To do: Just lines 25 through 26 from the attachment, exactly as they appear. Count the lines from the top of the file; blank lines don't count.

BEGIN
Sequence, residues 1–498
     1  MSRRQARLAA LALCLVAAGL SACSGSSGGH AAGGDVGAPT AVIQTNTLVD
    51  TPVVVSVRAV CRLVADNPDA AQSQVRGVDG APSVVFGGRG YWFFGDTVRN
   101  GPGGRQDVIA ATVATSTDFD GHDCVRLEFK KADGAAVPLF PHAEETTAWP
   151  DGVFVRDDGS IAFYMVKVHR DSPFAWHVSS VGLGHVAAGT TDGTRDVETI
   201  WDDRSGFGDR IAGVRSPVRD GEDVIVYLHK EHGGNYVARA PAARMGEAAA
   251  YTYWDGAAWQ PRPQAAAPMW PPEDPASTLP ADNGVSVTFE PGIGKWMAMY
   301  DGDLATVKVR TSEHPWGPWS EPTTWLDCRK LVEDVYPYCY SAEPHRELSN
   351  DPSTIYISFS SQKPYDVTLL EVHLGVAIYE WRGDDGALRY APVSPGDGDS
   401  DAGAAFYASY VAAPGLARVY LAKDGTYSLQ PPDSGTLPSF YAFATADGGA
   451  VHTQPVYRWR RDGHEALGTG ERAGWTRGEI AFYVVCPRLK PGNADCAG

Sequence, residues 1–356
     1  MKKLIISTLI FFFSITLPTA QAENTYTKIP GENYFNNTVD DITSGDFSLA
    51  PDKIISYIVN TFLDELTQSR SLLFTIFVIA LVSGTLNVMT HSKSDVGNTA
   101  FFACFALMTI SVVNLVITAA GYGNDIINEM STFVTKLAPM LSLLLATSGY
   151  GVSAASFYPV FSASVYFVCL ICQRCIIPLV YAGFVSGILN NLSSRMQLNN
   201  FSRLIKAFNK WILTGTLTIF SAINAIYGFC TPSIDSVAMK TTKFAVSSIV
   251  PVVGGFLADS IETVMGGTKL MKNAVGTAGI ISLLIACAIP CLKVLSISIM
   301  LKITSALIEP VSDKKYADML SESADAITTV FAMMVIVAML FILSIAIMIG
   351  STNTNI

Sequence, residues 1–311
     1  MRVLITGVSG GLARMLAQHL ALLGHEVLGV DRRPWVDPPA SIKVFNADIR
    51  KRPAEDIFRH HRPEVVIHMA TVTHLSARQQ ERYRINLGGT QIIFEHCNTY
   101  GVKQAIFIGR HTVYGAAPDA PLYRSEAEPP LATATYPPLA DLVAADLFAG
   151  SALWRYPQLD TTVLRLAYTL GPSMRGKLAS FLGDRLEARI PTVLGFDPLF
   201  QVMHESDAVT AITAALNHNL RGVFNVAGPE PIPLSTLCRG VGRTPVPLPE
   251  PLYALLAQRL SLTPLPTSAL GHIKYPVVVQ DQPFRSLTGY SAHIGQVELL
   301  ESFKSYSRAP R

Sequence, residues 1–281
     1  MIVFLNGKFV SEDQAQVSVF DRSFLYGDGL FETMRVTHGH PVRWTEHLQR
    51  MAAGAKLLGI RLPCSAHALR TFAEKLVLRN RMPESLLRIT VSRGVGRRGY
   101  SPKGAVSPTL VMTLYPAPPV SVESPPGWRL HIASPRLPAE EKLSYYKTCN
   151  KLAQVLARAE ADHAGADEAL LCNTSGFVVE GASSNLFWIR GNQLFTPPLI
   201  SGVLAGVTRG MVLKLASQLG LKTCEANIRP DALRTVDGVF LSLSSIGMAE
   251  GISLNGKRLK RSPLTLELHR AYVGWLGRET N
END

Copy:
   151  SALWRYPQLD TTVLRLAYTL GPSMRGKLAS FLGDRLEARI PTVLGFDPLF
   201  QVMHESDAVT AITAALNHNL RGVFNVAGPE PIPLSTLCRG VGRTPVPLPE